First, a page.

Journal Therapy For Fibromyalgia and Others With Chronic Or Invisible Illnesses

Journal Therapy For Fibromyalgia and Others With Chronic Or Invisible Illnesses

If memory serves me correctly, I have fibro fog so it doesn’t always, I started keeping a journal when I was about fourteen years old. I continued that practice almost daily until I was about 23 or 24 years old. Through the years I have started and stopped writing in a journal.

I do keep a medical journal at the present. But I am writing a lot lately and that sometimes over laps in journaling. There are six reasons to consider writing in a journal to help manage Fibromyalgia, chronic illness or invisible illnesses.

1. For Fun

2. A Legacy

3. Physical Therapy

4. Mental Therapy

5. Medical Journal

6. Emotional Therapy

Before we get into these six great reasons for keeping a diary, I want to emphasis that there is one rule to keep in mind. Just do it. There is no right or wrong way to do it as long as you do it regularly, every day or not every day, it’s up to you.


Journal writing can be fun, at least for certain people. It’s a way to express yourself and keep track of your past. If you find writing enjoyable but you are not in a position to get serious about it, then keep an informal diary. Doing something fun is good for Fibromyalgia fighters, chronic pain patients and for those with invisible illnesses.


Keeping a journal about daily events or life events on a regular basis for posterity is a great reason for keeping a diary. For those with physical challenges, leaving behind a legacy or how you felt and how you coped with illness could be priceless for your descendants.

My Dad served as a U.S. Army medic in North Africa and France during World War II. I am a history buff for WWII. I wish like crazy I had a diary of his time at war.


There are two reasons I mention journal writing for physical therapy. One is for people like me who physically have a hard time writing with a pen or pencil. With Fibromyalgia I have lost a lot of hand dexterity. Writing is a way to concentrate on controlling nerves that effect your fingers and hands. The trouble with that is my hands get tired after two or three small paragraphs.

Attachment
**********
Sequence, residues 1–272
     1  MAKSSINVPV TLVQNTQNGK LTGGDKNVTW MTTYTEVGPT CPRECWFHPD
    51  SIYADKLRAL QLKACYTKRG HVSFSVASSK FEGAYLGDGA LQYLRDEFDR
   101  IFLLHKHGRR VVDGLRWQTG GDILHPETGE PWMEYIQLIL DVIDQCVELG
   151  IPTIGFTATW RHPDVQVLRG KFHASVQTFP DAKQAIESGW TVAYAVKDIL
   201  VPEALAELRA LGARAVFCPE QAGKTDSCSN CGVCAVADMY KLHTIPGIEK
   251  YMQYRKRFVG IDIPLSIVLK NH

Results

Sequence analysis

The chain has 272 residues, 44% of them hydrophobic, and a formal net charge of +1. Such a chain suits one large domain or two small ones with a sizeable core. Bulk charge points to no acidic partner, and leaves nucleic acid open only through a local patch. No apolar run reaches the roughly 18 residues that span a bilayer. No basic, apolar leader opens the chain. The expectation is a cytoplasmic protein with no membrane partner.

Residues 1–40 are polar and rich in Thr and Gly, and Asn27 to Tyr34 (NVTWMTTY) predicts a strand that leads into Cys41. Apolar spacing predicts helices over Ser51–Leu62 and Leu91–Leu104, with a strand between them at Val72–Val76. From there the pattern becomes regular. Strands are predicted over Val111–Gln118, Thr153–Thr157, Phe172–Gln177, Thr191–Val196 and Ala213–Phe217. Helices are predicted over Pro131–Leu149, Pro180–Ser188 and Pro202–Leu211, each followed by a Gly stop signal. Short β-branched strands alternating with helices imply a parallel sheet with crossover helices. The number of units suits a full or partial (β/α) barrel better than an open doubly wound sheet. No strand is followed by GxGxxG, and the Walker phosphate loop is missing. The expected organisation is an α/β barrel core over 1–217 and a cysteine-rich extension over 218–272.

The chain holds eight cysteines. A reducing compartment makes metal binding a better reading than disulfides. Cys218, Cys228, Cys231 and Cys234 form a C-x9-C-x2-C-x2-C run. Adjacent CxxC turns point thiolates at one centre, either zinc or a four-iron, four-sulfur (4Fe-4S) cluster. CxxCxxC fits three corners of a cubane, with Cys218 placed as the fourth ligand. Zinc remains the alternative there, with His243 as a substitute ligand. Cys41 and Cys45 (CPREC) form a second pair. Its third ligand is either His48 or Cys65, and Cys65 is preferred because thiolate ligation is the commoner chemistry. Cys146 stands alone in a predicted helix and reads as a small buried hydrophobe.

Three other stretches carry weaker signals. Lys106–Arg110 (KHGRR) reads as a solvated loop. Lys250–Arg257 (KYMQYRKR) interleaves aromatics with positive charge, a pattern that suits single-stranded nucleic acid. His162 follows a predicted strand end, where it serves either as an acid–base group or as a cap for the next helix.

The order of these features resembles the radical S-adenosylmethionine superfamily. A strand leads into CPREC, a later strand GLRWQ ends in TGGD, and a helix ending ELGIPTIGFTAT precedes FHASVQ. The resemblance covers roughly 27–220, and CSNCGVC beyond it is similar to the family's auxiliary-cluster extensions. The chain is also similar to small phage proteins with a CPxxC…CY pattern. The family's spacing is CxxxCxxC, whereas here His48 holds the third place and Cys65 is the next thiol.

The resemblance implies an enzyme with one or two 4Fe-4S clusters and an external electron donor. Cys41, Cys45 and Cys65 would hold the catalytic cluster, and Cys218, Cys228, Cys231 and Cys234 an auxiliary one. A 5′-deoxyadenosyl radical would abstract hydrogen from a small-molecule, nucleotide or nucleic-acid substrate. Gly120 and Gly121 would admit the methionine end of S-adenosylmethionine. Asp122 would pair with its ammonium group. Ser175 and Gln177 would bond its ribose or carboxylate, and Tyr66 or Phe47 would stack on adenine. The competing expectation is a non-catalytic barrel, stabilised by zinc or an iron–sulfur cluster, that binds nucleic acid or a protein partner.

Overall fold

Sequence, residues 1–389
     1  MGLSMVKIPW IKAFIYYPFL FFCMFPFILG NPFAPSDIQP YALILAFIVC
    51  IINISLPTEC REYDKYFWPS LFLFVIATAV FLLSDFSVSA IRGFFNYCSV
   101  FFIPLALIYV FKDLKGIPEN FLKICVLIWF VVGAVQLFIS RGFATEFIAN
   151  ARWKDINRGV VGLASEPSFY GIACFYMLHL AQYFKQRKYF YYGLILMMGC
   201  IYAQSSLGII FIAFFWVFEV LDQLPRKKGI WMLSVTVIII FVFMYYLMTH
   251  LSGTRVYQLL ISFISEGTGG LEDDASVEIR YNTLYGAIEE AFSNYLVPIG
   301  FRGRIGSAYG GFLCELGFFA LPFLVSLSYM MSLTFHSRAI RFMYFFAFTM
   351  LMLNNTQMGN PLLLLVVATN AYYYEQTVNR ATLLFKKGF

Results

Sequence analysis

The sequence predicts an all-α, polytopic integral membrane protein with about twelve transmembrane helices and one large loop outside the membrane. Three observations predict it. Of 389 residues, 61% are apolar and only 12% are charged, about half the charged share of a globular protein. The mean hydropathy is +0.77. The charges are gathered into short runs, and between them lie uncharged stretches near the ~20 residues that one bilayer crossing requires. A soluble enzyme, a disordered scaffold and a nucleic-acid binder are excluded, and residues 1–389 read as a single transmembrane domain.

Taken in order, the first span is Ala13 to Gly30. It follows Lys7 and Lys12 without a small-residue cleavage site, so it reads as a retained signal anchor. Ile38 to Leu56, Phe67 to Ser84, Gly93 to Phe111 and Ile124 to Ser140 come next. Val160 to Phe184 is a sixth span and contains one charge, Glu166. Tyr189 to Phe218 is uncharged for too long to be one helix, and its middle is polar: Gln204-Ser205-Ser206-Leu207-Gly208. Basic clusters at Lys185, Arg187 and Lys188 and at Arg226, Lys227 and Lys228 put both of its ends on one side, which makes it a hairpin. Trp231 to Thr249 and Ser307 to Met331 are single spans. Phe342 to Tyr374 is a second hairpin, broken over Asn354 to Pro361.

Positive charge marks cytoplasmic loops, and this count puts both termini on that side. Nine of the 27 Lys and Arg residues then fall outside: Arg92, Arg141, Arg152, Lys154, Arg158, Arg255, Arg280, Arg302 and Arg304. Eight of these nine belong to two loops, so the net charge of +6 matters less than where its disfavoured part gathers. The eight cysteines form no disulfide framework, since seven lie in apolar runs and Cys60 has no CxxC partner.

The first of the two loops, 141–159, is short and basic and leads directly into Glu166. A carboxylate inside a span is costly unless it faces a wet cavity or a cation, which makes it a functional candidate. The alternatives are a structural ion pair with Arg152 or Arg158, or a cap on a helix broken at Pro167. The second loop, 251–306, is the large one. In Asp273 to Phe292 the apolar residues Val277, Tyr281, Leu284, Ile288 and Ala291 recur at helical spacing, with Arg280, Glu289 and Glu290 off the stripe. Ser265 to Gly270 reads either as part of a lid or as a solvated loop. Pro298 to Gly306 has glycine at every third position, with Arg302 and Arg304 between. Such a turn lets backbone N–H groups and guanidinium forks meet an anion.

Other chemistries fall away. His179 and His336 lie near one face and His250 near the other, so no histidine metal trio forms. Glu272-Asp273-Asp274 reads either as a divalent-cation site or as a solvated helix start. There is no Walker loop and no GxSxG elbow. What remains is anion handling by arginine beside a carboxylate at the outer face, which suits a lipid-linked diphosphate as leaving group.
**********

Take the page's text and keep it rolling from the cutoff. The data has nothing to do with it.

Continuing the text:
I do my writing mainly on the keyboard but I do enough note taking to keep my hand’s active.

There is another physical aspect for writing of any type. Any language art is good for the brain. It stimulates neuro pathways between both hemispheres of the brain and that helps your brains cognition which is good for failing memory or fibro fog. I learned this from a neuro-psychologist at my pain clinic. Since I have been writing almost daily, I have noticed some improvement in my memory. I still walk into a room to take pain meds because I’m hurting and I forget why I got out of my recliner and went into that room. But I really feel like my memory is better than it was five months ago, but has a long way to go.

Writing a journal also serves as a memory bank for those of us with memory issues. For a great deal of memories I am at the mercy of my wife or someone else. Had I kept a journal I could have looked up special events to retrieve my memories.

Now that I have Dragon dictation software, I am going to start keeping a regular journal.

Six Reasons To Keep A Journal

Six Reasons To Keep A Journal


I debated whether to include this “for mental therapy” as a separate category because it overlaps some of the information in Physical Therapy and Emotion Therapy. I then realized that to some extent writing your thoughts and feelings in a journal could be like going to a psychologist. They get you to talk about your feelings. Some times it feels good to talk to someone. Some people may be uncomfortable talking to a stranger with an advanced degree about their problems. Write in a journal all about your problems. The written page doesn’t know who you are.


As of this writing, I only keep a medical journal. A medical journal can be anything along the lines of keeping track of what was said at your many doctor visits to recording your daily symptoms, and keep track of taking pain pills or other medication. You can keep track of your activity level. This is a great reason to keep a journal especially for me with a bad case of fibro fog.


For most people, sharing their emotions can be difficult. But when you have the pressure of a chronic illness or are a victim of an invisible illness like personality disorders or Fibromyalgia you have a lot of pressure on your emotions.

Letting go of those emotions can help. What better way is there than to write them down on paper or computer. The paper (computer) won’t judge you and won’t reveal your secrets.

You can also track your emotional health by looking back a week ago or a month or year ago and see how you were feeling and compare it to how you’re feeling today.

There are likely more reasons for writing a journal. Tell me how you keep a journal in the comments section below. I’ve noticed over time, I’ve seen improvement in my memory by daily writing and my medical journal has been a helpful reference for my Fibromyalgia and chronic fatigue.

Troy Wagstaff ©

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